- Patients are overwhelmed by information relating to Heart Failure and their comorbidities, especially relating to medication adherence and medication changes. Many patients had difficulty understanding their discharge instructions (used language that they did not know).
Gaps in Care
- Patients struggle with medication adherence for various reasons: too many medications to track; confusion about timing or frequency of medications; side-effects of medications prevent them from wanting to take them as prescribed.
- Patients need rides to appointments (resulting in no-shows).
- Patients want more resources for assistance post-discharge (reminders for medications, more instructions for their care at home).
- Patients and family members supporting Heart Failure patients lack access to mental health resources.
- Patients lack understanding of self-care strategies (diet, drug interactions, physical activities).
- Patients in Skilled Nursing Facilities need increased engagement to assist with care.
- Patients want help with side-effects management.
- Some patients lack home support and have to care for themselves (main issue with accountability or motivation for care).
- Care Team wants better coordination and standards (especially regarding tracking medications and completing medication reconciliation).
- Patients are frustrated by multiple physicians managing condition (PCP, specialists, clinic, etc.) because each physician provides different medications and instructions for care. Patient struggles with deciding who to listen to.
- Heart Failure Clinic clinicians are frustrated because they are not notified when patients are readmitted to the ER or hospital for Heart Failure or comorbidities; therefore, they cannot help coordinate care.
Applying Research for Change
After identifying the needs of patients and clinicians, the team ideated possible solutions to further investigate and prioritize to improve the Heart Failure patient experience. These opportunities are outlined in the Journey Map as considered across the continuum of care. These opportunities will ideally align with the strategic vision of the hospital. Some opportunities are are able to be addressed in the short-term while others need additional planning and support for implementation.
- Pre-Diagnosis: Early identification of patients with HF; digital health education.
- Diagnosis and Treatment: Secure communications among Care Team and directly with patients to coordinate care (texting, emailing, voice-to-voice); easier referral and auto-enrollment; EMR decision making; open appointment scheduling; ride-sharing apps; e-prescribe apps.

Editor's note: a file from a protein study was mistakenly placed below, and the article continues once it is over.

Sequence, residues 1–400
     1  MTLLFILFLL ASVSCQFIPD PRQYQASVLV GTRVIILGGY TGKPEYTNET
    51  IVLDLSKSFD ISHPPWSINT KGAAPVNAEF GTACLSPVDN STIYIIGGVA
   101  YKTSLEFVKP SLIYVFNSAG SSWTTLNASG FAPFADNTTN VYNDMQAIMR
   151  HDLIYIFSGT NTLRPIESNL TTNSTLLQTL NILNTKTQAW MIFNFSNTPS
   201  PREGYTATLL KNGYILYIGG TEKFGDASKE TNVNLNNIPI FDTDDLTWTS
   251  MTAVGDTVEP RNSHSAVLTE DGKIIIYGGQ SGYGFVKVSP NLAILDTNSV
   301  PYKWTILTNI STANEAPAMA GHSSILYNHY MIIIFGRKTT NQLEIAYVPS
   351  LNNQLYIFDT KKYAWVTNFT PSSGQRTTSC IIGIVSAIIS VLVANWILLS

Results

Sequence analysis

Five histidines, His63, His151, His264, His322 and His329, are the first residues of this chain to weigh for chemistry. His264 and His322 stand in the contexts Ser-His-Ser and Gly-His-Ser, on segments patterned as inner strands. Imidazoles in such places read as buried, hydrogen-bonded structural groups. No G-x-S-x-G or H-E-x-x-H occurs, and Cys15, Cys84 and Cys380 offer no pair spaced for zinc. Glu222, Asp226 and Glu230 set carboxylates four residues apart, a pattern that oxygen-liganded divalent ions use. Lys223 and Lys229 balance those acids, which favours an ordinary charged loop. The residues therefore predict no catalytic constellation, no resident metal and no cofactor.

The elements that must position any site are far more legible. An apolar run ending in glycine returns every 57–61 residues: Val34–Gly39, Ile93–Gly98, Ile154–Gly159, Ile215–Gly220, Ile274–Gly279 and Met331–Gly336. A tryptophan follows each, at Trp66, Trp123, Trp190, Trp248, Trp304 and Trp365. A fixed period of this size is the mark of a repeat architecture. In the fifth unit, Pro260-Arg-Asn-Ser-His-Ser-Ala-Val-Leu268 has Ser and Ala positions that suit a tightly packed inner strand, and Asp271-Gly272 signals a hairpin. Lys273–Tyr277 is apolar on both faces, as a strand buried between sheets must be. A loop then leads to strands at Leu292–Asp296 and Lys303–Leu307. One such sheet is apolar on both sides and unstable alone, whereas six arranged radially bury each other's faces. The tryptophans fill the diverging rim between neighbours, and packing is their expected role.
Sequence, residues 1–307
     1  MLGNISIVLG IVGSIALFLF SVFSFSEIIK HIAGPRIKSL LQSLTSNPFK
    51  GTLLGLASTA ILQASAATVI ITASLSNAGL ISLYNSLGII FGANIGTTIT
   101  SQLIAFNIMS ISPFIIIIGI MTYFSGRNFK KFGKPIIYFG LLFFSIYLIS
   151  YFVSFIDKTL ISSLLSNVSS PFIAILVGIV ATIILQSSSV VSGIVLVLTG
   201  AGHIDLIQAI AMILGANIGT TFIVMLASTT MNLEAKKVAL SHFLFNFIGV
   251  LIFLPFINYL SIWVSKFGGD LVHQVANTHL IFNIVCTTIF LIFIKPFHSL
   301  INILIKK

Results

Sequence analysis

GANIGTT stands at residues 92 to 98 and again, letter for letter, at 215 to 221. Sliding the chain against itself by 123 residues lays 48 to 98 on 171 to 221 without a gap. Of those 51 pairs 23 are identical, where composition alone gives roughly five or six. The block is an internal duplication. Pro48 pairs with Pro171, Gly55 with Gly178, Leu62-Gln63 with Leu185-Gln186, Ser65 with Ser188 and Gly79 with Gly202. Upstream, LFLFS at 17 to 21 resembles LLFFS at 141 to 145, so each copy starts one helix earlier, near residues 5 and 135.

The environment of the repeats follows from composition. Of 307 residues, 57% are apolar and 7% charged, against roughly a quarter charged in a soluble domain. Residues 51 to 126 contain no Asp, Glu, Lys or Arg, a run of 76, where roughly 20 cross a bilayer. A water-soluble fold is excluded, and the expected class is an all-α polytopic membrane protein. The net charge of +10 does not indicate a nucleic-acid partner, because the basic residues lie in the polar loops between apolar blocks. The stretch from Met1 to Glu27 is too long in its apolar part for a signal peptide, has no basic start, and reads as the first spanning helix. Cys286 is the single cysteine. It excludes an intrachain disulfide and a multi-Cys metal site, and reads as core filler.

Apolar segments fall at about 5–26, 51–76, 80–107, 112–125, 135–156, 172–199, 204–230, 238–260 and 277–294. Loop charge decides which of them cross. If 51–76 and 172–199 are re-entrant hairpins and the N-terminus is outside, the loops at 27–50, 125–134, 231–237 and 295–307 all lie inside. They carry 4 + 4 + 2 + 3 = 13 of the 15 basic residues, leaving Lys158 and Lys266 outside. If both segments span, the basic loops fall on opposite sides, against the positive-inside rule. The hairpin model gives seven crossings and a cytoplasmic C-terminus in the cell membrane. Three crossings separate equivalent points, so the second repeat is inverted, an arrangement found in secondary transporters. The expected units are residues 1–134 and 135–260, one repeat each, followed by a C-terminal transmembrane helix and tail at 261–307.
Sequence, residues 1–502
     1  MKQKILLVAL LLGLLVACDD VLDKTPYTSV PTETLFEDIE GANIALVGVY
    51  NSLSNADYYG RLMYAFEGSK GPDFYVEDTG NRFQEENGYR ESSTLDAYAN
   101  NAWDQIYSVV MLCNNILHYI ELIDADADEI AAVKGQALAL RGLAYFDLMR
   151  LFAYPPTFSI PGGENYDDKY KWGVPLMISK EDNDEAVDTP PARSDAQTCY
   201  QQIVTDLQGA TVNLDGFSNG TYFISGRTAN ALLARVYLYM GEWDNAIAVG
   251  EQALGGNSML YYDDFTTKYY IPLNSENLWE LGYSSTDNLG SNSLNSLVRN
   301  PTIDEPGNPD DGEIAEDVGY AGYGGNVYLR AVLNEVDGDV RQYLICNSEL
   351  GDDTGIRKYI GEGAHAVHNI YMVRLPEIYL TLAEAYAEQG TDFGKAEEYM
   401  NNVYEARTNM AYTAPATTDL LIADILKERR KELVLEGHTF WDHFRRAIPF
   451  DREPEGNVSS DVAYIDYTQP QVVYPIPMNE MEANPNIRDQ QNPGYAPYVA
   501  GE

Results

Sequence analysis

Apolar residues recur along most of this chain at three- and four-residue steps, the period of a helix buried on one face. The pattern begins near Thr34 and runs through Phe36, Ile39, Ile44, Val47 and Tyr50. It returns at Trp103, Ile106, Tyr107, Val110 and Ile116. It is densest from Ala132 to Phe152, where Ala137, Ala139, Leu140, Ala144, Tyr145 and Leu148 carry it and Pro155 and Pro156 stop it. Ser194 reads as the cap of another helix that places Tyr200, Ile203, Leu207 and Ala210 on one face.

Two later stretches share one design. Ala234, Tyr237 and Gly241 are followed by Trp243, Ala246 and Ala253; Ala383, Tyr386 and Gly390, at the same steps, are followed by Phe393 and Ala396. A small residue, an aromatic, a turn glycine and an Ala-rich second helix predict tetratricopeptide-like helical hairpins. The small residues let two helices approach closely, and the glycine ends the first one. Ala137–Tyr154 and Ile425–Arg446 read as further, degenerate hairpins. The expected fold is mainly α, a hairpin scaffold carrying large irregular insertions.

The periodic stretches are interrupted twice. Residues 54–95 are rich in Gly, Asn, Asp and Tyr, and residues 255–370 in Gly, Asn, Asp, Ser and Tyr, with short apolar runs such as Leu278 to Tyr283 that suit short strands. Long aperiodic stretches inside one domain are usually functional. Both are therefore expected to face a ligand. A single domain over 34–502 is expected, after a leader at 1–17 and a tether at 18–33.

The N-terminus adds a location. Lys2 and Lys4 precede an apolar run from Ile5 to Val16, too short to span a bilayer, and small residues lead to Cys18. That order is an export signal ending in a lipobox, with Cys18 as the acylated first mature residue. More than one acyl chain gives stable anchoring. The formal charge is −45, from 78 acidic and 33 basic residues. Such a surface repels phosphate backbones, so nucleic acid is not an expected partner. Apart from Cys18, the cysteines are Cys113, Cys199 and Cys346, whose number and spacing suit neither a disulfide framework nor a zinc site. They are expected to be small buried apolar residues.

- Management: Remote monitoring with 24/7 access; secure communications with patient; open appointment scheduling; ride-sharing apps; medication management and virtual therapy; auto-reminders for medications.
Use of technology and e-literacy ranged from full distrust of any tools to competent smartphone and tablet users. Patients’ use of technology usually depended on two main factors: age and family support. It appeared that younger patients (35-60 years) were more likely to feel comfortable using smartphones, tablets, or computers, especially relating to their medical information and managing their disease. Older patients (75 years and older) were less likely to trust technology or be willing to use the tool as a way to manage their disease.
There were some exceptions to this rule in the older group; however, the majority of older respondents said that they were only comfortable with speaking over the phone or had a flip phone. Most patients had a younger family member helping them with care (a child or younger sibling), and those caretakers utilized smartphone, tablets, or computers. Some family caretakers mentioned using applications to manage care; most agreed that digital tools would improve the caretaking experience. The younger patient group affirmed that they would be willing to adopt various digital technologies, like phone or tablet applications, to improve medication adherence and treatment management. All patients agreed that they would like more options for interacting with the care team. Each persona goes more in depth to explain e-literacy levels as well as opportunities for use with those specific archetypes.
The Heart Failure Clinic took the first step to designing a better patient experience. The next stages of the HCD process include continuing ideation with goal setting and rapid prototyping. Then, in the final stage of implementation, the team will try the ideas and measure outcomes. The feedback loop provides a space for patients and clinicians to be involved in the decision making process, providing them with agency to co-create a better overall experience.
During my experience at the hospital, we planned and started the pilot of a medication adherence mobile application to test whether or not patients would adopt the technology and improve their medication adherence. The Heart Failure Patient was a new use case of the company. I worked with their design team by providing the research executed here and supported the feedback loop in user experience design modifications that needed to be implemented in the application to accommodate for older patients.
There is immense opportunity to build upon this research and apply its learnings to other chronic disease states, especially regarding technology use. Closing the digital divide with Heart Failure patients is an enormous industry-wide struggle, though this research indicates that there are various options based on the needs expressed by patients and clinicians. As more technologies are developed and hospitals consider adopting them, we must encourage a user-centric approach to ensure that the solutions are addressing the right problems.
As the design industry leader Ideo says, “When design thinking methodologies are applied to healthcare they lead to a human focus and an openness to generate and test lots of ideas to find more innovative, far-reaching solutions.”